It’s peak flu season: Help protect you and your family by getting vaccinated

(BPT) – Many dread winter – the darkness, frigid weather and snowstorms. For everyone, especially elderly individuals and children, winter also carries one major health concern — seasonal influenza (the flu).

The flu is a contagious, highly communicable infection that predominantly attacks the nose, throat and lungs. It can cause mild to severe illness and can sometimes lead to complications and death. In fact, it is estimated that more than 200,000 people are hospitalized due to flu-related complications in the U.S. each year. Certain populations including children, the elderly, and people with certain chronic health conditions are at greater risk of complications from the flu.

“As flu seasons can be unpredictable and severe, protecting you and your family from infection is critical,” says Kim Tran, MS, PharmD, Pharmacy Manager, South Miami Pharmacy. “The Centers for Disease Control and Prevention (CDC) recommends that everyone 6 months and older get vaccinated. More recently, increased emphasis has been placed on designing vaccines for different age groups, ranging from young children to those aged 65 years and older.”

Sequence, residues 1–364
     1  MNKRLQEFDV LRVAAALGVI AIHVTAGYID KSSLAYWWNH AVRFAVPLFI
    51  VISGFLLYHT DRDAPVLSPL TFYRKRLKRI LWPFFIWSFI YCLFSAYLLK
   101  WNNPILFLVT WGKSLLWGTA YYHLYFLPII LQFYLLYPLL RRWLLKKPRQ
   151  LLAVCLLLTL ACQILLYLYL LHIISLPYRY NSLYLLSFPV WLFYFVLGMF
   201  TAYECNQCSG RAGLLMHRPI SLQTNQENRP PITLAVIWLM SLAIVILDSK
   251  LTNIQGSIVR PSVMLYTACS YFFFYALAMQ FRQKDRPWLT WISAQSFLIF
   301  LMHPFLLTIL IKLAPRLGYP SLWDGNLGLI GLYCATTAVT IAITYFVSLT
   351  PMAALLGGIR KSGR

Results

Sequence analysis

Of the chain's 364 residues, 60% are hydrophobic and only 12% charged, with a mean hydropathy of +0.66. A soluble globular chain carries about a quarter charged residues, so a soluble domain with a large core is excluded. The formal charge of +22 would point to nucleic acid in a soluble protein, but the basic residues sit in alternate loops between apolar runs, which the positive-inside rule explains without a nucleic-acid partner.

The majority of flu vaccines are made in one of two ways: with flu vaccine viruses that have been inactivated and are not infectious, or with no flu vaccine virus at all. Since it can take up to two weeks to obtain full immunity, it is possible to be exposed to influenza during this time and still become infected with the flu. That’s why it is important to get your flu vaccine soon after the vaccine becomes available, by October if possible. However, as long as flu viruses are circulating it is not too late to get vaccinated.

In addition to a flu vaccine, you should take everyday precautions against the spread of germs. Wash your hands often with soap and water, cover your nose and mouth with a tissue when you cough or sneeze and try to avoid close contact with sick people. If you have flu-like symptoms, try to stay home for at least 24 hours after the fever is gone to minimize exposing others to the virus.

You could avoid the aches, soreness and fatigue that come with the flu by simply getting vaccinated. For additional resources regarding what is best suited for you, please visit

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